Tag: New Releases

New Release: Umm…Whaaat? by Richard Ellis (Produced by Vic Dillahay)

This is “Umm…Whaaat?”, a guitar and vocal improvisation by Richard Ellis. He played it on July 23rd, 2021 at Spring Creek Music .

It is one continuous track. It is 25 minutes and 5 seconds long. It is completely improvised. It is presented exactly as it was performed, with no edits or overdubs.

The cover is by Kiley Ellis.

You should listen to it now.

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New Release: Music to Squeak By

New today is “Music to Squeak By”, my ninth solo album. Inspired by the classic guitar instrumental albums of the 50s and 60s, like those of Howard Roberts and The Ventures, it runs the musical gamut from jazz to blues to funk. There’s even a somewhat-warped boogie thrown in for good measure. While it was originally intended as a vehicle to collaborate with a few old friends on some of my original tunes, the shutdowns caused by COVID-19 changed it into a more solitary project. I wound up playing or programing all the instruments on this recording, for a very personal take on these compositions.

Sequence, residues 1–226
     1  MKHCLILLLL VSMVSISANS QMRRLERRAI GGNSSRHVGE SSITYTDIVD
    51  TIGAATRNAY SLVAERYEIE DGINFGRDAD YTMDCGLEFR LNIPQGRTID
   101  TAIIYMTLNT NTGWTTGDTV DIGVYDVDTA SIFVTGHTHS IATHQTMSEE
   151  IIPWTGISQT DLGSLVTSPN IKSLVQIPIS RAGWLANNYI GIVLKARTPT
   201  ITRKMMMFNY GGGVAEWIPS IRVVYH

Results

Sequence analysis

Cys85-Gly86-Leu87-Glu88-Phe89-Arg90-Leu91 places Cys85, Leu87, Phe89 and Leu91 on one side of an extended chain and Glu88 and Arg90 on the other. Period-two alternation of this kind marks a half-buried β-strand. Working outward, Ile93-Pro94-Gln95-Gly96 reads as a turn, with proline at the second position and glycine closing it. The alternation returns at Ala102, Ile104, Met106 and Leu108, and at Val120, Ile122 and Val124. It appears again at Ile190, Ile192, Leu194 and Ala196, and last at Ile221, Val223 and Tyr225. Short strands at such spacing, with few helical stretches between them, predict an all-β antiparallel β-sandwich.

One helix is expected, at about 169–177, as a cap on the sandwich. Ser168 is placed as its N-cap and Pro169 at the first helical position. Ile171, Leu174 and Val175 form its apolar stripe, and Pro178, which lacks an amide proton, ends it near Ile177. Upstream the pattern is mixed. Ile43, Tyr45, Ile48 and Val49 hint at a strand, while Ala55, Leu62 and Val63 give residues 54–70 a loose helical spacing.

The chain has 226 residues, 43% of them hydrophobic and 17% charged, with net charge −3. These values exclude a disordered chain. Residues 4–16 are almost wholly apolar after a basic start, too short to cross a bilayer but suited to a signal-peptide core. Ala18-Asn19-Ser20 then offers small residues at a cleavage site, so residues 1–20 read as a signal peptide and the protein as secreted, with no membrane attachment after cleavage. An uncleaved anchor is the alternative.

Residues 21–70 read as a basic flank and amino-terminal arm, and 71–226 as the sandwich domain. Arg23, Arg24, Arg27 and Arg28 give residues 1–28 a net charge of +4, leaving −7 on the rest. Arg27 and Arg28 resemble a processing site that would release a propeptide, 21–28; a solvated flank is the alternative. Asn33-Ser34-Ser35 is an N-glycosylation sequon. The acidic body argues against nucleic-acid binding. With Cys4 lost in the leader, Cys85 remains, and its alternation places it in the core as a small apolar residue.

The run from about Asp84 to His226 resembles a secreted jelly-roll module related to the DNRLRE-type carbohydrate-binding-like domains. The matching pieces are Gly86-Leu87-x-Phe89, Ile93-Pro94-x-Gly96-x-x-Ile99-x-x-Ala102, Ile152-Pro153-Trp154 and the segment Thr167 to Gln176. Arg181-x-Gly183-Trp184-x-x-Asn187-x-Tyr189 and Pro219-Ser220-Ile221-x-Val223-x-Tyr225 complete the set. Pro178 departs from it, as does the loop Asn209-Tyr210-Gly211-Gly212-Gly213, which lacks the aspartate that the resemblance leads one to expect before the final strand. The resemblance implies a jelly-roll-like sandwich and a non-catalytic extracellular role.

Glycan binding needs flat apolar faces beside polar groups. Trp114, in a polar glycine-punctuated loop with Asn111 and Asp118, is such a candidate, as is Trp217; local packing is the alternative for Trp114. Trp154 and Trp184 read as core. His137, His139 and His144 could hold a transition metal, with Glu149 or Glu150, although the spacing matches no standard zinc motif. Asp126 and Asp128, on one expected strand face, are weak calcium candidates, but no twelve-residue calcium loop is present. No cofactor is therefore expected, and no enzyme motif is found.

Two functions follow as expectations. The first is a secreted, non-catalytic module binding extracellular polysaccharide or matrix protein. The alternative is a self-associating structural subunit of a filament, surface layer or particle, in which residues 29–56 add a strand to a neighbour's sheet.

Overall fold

The record opens with “Grin”. A fusion tune that manages to evoke both Pat Metheny and Toto, it sets the mood for a sometimes cerebral set that still cracks a smile. “Penguin Eddie” follows, with an instrumental funk tribute to a tale of attempted penguin abduction. From its smooth harmonies and dulcet tones, “Laetitia’s Lost Chords” would be firmly in the easy-listening camp if not for its constantly shifting meter. “Serva Jugum” continues to warp time, but with a hard-driving gopuccha yati-inspired groove that gives way to solos on a funk waltz. “Kiddo” closes side A with a 12-tone row disguised as a swing ballad. It’s a tribute to my grandfather who was both a lover of irony and completely tone deaf.